There is nothing I would not do for those who are really my friends. I have no notion of loving people by halves, it is not my nature. —- Jane Austen
I am always sad when I hear women who say they don’t have female friendships. My heart hurts because they are missing out on one of the pearls of life. Sisterhoods are for real and I can’t imagine traveling this journey without my girls (and you know who you are). I treasure time with my sister-friends and rely on them not only as a shoe-shopping partner or therapist, but as a life vest to keep me afloat. The bond I share with the strong females in my life helps keep me mentally strong and emotionally balanced–they are the backbone of my support system. I love my husband passionately but spending time with my girlfriends is a gift I wouldn’t trade for anything. They get me in a way he doesn’t, and that’s okay.
There is a cultural myth that all female friendships are toxic, bitchy, mean-spirited and competitive. I’m calling bullshit and completely debunking that myth. My fierce lady friendships inspire me, support me, defend me, impact me and understand me. They are the thread that helps me hold it all together. I can send ugly selfies to my female friends and they will immediately text me back and tell me how beautiful I am. They look beyond my face and know my heart.
I’ve been reading a great book this week that talks about “trenchips”. Seeing that word and reading what it means resonated deep within me. It made me pause and evaluate my life and my relationships with the women I cherish the most. I’m going to steal that word because it is foundationally who I try to be and certainly what I seek in others.
“Trenchips” are friendships found in the foxholes of life, when friends stand together in tough situations and have each other’s backs. Trenchips happen when we do life together, when we walk with one another, when we lift one another up, when we sling big things together. Trenchips form when life gets scary or sad, or tough or hard. Trenchips are often found when we feel lost or alone and we find a bright light to light the way. Trenchips are what make life bearable.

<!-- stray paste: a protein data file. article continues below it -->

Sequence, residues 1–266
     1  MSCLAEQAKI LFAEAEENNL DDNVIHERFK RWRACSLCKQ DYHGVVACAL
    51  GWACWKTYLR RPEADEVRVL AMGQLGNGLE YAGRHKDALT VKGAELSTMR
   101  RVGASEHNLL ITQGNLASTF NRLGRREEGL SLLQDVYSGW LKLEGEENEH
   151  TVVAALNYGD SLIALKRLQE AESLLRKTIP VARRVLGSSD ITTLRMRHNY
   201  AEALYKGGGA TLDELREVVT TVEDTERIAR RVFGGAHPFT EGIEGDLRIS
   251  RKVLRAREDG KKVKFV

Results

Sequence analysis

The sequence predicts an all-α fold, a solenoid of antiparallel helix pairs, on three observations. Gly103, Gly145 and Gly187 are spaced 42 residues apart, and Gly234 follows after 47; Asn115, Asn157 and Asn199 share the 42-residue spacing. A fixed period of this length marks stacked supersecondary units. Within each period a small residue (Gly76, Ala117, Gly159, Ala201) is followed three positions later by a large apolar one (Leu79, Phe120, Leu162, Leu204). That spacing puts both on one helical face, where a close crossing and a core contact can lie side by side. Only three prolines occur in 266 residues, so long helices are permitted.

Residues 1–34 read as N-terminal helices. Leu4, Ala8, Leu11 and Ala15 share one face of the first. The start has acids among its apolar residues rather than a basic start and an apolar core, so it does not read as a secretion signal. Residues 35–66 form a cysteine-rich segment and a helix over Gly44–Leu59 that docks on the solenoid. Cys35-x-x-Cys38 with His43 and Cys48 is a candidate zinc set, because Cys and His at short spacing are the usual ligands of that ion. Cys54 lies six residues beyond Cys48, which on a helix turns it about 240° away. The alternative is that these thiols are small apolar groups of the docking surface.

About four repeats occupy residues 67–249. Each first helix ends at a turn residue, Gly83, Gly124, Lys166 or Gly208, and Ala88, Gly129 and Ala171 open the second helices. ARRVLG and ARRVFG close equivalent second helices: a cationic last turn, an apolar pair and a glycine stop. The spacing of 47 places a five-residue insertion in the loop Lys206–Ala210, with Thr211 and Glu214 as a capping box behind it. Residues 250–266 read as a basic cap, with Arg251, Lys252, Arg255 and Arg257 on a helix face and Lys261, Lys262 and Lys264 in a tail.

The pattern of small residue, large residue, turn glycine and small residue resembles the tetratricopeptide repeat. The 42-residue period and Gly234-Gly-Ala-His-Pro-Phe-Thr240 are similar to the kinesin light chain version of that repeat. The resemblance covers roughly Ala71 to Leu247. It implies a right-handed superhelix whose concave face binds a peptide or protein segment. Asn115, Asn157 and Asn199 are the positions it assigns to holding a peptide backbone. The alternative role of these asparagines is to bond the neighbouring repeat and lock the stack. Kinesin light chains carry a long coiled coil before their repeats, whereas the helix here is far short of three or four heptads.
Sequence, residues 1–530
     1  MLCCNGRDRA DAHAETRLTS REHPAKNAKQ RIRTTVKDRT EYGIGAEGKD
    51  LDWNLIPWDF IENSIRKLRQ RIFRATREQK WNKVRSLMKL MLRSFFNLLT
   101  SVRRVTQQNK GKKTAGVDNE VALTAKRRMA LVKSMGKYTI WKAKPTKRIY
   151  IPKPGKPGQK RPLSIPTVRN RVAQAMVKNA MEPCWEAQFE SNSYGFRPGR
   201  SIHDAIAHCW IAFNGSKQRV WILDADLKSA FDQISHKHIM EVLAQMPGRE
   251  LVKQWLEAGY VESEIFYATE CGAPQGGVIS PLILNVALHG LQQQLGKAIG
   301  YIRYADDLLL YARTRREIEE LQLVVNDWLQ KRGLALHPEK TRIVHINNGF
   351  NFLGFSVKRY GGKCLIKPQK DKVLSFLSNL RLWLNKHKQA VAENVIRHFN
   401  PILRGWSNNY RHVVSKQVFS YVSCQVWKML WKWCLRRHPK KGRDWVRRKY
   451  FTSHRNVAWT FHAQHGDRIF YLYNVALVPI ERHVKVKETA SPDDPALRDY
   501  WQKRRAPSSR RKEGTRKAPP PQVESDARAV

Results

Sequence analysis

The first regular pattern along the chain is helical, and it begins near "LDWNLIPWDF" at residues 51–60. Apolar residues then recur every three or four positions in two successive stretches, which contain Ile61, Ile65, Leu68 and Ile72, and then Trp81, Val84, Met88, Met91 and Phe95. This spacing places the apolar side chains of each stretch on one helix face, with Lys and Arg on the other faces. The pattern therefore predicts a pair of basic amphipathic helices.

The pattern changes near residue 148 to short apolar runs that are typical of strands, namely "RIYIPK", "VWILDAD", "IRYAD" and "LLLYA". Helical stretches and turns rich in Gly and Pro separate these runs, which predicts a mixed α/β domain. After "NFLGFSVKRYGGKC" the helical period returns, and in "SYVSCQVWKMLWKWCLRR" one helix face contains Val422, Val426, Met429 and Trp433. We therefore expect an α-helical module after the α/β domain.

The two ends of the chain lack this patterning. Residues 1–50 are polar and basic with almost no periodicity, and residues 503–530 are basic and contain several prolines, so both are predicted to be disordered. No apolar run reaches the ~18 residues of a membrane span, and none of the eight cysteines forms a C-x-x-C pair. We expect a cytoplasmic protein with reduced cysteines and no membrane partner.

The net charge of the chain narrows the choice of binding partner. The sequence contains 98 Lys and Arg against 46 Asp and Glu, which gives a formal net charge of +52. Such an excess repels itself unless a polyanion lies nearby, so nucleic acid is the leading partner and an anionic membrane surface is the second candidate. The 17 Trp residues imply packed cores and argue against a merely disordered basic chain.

Trenchips are not cliques or groups, they are bonds and connections. They form around moments and memories we will never forget. They may have sprung from a very dark place in your life where someone stood up, dug their heels in and didn’t leave you. Or they might come from when you least expected to meet someone so special that you knew they needed to be in your life forever. Trenchips helps us get through difficult days—these are the friends who hold your hand and walk next to you when you need it the most. Trenchips allow us to be exactly who we are—warts and all—and love us whole heartily.
What do trenchips look like? For me, they are in simple moments that are embedded deep within my heart and have touched my soul in a rare way, so rare that I feel tied to them in a different way than regular friends. Trenchips are true friends, your people, your confidants, your soul sisters.
My three best friends from college were at the hospital for all three of my kids’ births. They weren’t just there, they were there—sitting at the foot of the bed, my legs up in the air, vajayjay wide open, and watching me breath, pant and curse through a pain like no other. I won’t mention how for one of the births they came directly from a beer drinking festival and were three sheets to the wind… but they showed up for me in a way that I can never repay them. These girlfriends have stood in the trenches with me, through thick or thin, through birth and through loss, through joy and through sorrow and our friendship has weathered the test of time. They are true trenchmates.